LONDON (Reuters) - Norway’s national economic crime unit raided the local office of international shipping company Teekay Offshore this week on suspicion of illegally exporting waste, the agency, known as Okokrim, said on Thursday.
In recent years, courts in Europe using tougher regulations have fined shipping companies for transporting hazardous waste for disposal in cases that have added to complexities for seaborne transporters often operating in several jurisdictions.
Maria Bache Dahl, acting senior public prosecutor with Okokrim, said authorities had carried out a search of Teekay Shipping Norway’s office in the southern city of Stavanger on Tuesday, questioned witnesses and “seized potential evidence”.
“Teekay Shipping Norway AS is suspected of illegal export of waste, in the form of the shuttle tanker Navion Britannia. The ship sailed from Norway in 2018, and reached Alang, India in July 2018,” Dahl told Reuters in an emailed statement.
“The investigation will focus on whether the export was in violation of Norwegian and EU regulations of waste export.”
Bermuda headquartered Teekay Offshore confirmed in a statement that the vessel was part of their fleet and their office had been raided.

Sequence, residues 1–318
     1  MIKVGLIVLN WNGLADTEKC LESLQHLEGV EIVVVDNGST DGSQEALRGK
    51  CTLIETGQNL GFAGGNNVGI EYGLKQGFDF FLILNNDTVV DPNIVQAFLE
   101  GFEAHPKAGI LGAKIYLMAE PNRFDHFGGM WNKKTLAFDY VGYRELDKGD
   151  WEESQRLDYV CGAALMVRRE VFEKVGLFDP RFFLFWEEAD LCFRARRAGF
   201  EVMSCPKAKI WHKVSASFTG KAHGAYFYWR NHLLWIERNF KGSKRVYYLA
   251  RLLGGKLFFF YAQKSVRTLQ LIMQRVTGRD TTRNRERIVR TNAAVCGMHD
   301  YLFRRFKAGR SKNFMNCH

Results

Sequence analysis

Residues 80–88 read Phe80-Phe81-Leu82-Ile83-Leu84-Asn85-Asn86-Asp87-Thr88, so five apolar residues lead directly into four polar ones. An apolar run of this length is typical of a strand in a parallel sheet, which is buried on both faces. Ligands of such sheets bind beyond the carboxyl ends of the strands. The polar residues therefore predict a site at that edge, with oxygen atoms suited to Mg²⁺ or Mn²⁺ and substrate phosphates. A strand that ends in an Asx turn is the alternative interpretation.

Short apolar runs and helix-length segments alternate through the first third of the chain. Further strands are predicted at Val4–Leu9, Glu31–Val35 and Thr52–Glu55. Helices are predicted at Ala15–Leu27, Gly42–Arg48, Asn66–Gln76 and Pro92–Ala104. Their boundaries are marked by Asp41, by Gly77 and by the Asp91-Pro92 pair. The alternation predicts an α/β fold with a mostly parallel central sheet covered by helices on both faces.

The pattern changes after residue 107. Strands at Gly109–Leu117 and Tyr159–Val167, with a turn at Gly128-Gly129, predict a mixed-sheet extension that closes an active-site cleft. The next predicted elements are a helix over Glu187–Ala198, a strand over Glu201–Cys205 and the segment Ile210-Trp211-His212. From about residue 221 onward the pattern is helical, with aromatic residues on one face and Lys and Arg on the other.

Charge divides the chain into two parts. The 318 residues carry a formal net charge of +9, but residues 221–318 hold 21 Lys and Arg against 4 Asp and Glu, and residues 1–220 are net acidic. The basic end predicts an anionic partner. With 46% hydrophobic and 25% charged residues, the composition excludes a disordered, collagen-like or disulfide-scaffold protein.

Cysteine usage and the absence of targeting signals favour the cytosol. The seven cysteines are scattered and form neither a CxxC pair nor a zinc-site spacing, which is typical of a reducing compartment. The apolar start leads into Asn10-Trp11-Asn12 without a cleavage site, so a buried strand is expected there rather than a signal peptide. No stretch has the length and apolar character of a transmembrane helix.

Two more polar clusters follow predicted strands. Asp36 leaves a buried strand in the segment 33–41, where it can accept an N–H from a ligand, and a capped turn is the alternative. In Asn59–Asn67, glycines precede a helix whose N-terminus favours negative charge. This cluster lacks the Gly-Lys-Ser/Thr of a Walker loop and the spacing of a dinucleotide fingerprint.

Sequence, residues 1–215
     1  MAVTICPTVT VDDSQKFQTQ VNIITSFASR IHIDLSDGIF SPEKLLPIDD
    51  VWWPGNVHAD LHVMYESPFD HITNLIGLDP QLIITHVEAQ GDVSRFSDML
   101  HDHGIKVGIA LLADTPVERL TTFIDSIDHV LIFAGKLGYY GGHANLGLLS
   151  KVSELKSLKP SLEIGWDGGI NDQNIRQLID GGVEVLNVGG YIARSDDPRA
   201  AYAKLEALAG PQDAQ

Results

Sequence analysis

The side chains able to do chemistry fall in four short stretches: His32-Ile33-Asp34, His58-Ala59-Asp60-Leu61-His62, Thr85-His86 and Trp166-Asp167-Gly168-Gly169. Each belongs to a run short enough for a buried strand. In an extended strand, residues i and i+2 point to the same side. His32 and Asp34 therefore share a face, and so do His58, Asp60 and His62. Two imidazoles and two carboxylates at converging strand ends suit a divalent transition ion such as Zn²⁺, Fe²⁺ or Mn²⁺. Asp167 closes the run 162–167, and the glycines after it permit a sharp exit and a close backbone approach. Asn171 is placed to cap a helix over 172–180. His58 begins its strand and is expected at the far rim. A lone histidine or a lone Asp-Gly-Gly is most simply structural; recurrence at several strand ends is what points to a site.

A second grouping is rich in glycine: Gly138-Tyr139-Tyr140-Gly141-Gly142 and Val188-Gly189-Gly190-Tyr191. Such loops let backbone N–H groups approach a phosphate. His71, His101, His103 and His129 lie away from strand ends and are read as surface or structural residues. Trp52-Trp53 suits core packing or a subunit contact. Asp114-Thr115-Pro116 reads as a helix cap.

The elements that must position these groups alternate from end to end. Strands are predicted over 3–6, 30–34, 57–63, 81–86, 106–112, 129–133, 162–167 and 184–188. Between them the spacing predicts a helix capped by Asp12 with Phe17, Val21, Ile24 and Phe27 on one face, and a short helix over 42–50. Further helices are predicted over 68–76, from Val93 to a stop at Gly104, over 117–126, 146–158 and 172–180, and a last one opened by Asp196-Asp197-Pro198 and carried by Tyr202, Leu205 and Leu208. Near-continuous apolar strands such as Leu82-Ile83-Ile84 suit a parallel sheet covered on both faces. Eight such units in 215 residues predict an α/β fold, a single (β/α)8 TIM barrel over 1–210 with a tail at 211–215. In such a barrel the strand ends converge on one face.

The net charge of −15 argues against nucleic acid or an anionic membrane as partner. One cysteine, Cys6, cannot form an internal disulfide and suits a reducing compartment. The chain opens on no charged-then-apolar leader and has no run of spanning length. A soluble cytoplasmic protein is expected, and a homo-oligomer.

The company said the vessel had been sent to an Indian yard in 2018 for recycling in full compliance with the requirements and standards of the Hong Kong convention.
“As a responsible operator, we are open and transparent about our practices and have nothing to hide,” Teekay Offshore said. “We have followed all rules and regulations in the related export and recycling processes.”
The Hong Kong convention lays down requirements for the safe and environmentally friendly recycling of ships and the disposal of hazardous materials.
Okokrim’s Dahl said Norwegian police had not yet reached a conclusion over whether the vessel must be considered as waste before sailing from Norway.
“In our experience, the scope of the investigation of Teekay Shipping Norway AS will necessitate months rather than weeks of investigation before we will be able to conclude on whether to charge or acquit the company,” Dahl said.
The majority of the world’s aging ships are broken up on beaches in Bangladesh, Pakistan and India.
Campaigners have said that in many yards workers still cut up ships with little more than their hands and blowtorches, with parts and pollutants dropping directly onto the sand. They say they have continued concerns over safety at the sites.
Shipping's financiers turning the tide on shipbreaking practices - reut.rs/316h50x
Editing by William Maclean
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